International Research Journal of Pure and Applied Physics (IRJPAP)

EA Journals


Assessment of Excess Life Time Cancer Risk from Gamma Radiation Exposure Rate in Two Tertiary Institutions in Bayelsa State, Nigeria (Published)

The present study assessed the excess lifetime cancer risk associated with gamma radiation exposure rate in two tertiary institutions in Bayelsa State, Nigeria using Radalert 100xTM, nuclear radiation monitor which uses a Geiger Mueller tube to detect radiation emissions. The studied campuses of Niger Delta University (NDU) and Federal University of Otuoke (FUO) were delineated into eleven (11) and Ten (10) sections respectively. Results of the measurements showed that the highest exposure rate of 0.05mR/h (2.66msvy-1) was recorded at NDUIP against 0.04mR/h (2.128msvy1) of FUOHL. Excess lifetime cancer risk analysis showed that at NDUIP, it was 1.866 x 10-3 and 1.500 x 10-3 at FUOHL. In calculated mean values for exposure rate (ER), Absorbed Dose Rate (ADR), Annual Effective Dose Equivalent  (AEDE) and excess lifetime cancer rate (ELCR) it was; 0.030mR/h (1.596mSvy-1), 238.06nGy/h, 0.290mSvly and 1.020 x 10-3  respectively for NDU and 0.02mR/h (1.064mSvy-1), 204.45 nGy/h, 0.250mSvy-1 and 0.880 x 10-3 respectively in FUO. Compared with world average value (WAV) of 0.013mRlh (0.6916msvy-1) for ER, 59.00nGy/h for ADR, 0.070mSvy-1 for AEDE and 0.290 x 10-3 for ELCR respectively. The calculated dose to organ showed that the testes have the highest organ dose of 0.087mSvy-1 in NDU and 0.070mSvy-1 in FUO respectively. The obtained mean values in both campuses exceed the WAV. However, the obtained results do not impose alarming danger, but effort should be made for control measures in compliance with ALARA Principle.

Keywords: Radiation, Risk Assessment, exposure, lifetime

Evaluation of the Knowledge and Awareness of Non-Ionizing Radiation among Final Year Students of College of Medical Science University of Maiduguri. (Published)

This study was aimed at evaluating the level of knowledge, types, and Potential hazards of non-ionizing radiation among final year students of college of medical science, University of Maiduguri. A prospective cross sectional survey study was conducted among final year students of college of medical sciences, for 6 months periods, March to August, 2014. A total of 335 structured 12 items self-completion questionnaires were randomly distributed to participants and 312 were filled out and returned, with a response rate of 93.1%. Data was analyzed using descriptive statistics, where mean, percentages and frequencies where computed There were about 184, (59%) male participants and 128, (41%) female participants in the study with age ranged from 21 to 45 years with mean age of 28years. Majority of the respondents were within the age group of 21-26 years with 171, (54.8%). The department of MBBS/BDS had 122 (39.1%), BMLS had 61 (19.6%), Radiography had 52 (6.7%), Nursing Science had 38 (12.2%), physiotherapy had 20 (6.4%) and Anatomy had 19 (6.1%) number of participants. Majority of respondent, 162 (51.9%) wrongly thought ultraviolet ray, microwaves, radio waves and Extremely Low Frequency radiation are types of ionizing radiation. While 108 (34.6%) knew they are types of non-ionizing radiation. About 153 (49%) wrongly believed that ultrasonography (USS) and Magnetic Resonance Imaging (MRI) uses ionizing radiation for diagnosis, while 139, (44.6%) knew they do not use ionizing radiation, and 20 (6.4%) did not know. Majority of the respondents 247 (79.2%), knew that excessive exposure to non-ionizing radiation could be hazardous. This study found insufficient knowledge on non-ionizing radiation and their types among final year students of college of medical science, however, participants were seen to have appreciable knowledge on potential hazards of non-ionizing radiation.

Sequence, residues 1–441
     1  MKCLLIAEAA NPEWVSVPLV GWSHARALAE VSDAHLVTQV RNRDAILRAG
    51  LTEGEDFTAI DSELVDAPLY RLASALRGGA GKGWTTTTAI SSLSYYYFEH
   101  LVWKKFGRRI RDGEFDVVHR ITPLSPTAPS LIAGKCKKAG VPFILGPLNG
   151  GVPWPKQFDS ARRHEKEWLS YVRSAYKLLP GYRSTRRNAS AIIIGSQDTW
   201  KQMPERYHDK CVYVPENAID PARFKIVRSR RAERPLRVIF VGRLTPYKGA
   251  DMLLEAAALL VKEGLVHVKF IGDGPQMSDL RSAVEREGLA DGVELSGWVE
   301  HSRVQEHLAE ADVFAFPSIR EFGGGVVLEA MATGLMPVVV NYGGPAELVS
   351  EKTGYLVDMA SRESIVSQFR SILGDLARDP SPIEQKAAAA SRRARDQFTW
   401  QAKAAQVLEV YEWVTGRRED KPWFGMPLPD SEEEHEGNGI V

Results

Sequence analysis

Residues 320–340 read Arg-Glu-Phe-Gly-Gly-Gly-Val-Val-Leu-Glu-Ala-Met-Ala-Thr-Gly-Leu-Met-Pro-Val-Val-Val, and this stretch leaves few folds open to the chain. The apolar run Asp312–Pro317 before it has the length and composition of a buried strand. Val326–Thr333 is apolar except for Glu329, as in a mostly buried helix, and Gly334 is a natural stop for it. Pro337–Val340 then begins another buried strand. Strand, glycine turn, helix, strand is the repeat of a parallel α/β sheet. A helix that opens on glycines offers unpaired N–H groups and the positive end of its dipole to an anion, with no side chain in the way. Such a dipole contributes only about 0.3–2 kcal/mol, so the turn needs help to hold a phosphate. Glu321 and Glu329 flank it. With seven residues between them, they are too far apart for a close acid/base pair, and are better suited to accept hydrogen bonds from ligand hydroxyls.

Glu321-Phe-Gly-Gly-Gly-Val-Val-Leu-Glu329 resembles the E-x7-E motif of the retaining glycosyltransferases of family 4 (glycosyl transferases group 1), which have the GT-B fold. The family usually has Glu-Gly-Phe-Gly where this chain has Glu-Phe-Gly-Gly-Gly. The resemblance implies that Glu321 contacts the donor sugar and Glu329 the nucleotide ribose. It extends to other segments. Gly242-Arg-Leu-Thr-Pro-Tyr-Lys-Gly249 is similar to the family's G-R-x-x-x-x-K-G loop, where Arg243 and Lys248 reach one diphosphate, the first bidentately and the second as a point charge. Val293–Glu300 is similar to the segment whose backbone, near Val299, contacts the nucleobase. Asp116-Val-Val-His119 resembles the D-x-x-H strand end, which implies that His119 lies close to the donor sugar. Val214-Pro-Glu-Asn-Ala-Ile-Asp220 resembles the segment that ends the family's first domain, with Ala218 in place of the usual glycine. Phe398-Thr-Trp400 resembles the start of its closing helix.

Keywords: Final year, Ionizing radiation, Non ionizing radiation, Radiation, Student

Gamma Dose Rate, Annual Effective Dose and Collective Effective Dose of Food Crop Producing Region of Ondo State, Nigeria (Published)

The activity concentrations of natural gamma-emitting radionuclides 238U, 232Th and 40K in soils from 7 sampling sites in Ondo State, southwestern Nigeria have been measured by using a well calibrated high resolution gamma ray spectrometer. The mean activity concentration values of 39.24±1.12, 52.86±1.40 and 445.02±12.24 Bq kg-1 for 238U, 232Th and 40K respectively were obtained for the State. Absorbed dose rates in outdoor air were calculated to be in the range of 12.35±0.65 and 179.59±4.1 nGy h-1 with an overall mean value of 67.50±1.86 nGy h-1. The corresponding outdoor annual effective dose rates were estimated to be between 22.7 and 330.6 μSv y-1 for the area assuming 30% occupancy factors. The average outdoor annual effective dose rate for most of the towns is 64882.95 μSv y-1 representing 92.65% of the world average value (70000 μSv y-1) given by UNSCEAR. The value of the collective effective dose as calculated from the outdoor annual effective dose rates was found to be 540858 person-Sv

Keywords: Dose, Gamma, Outdoor, Radiation, Radionuclide

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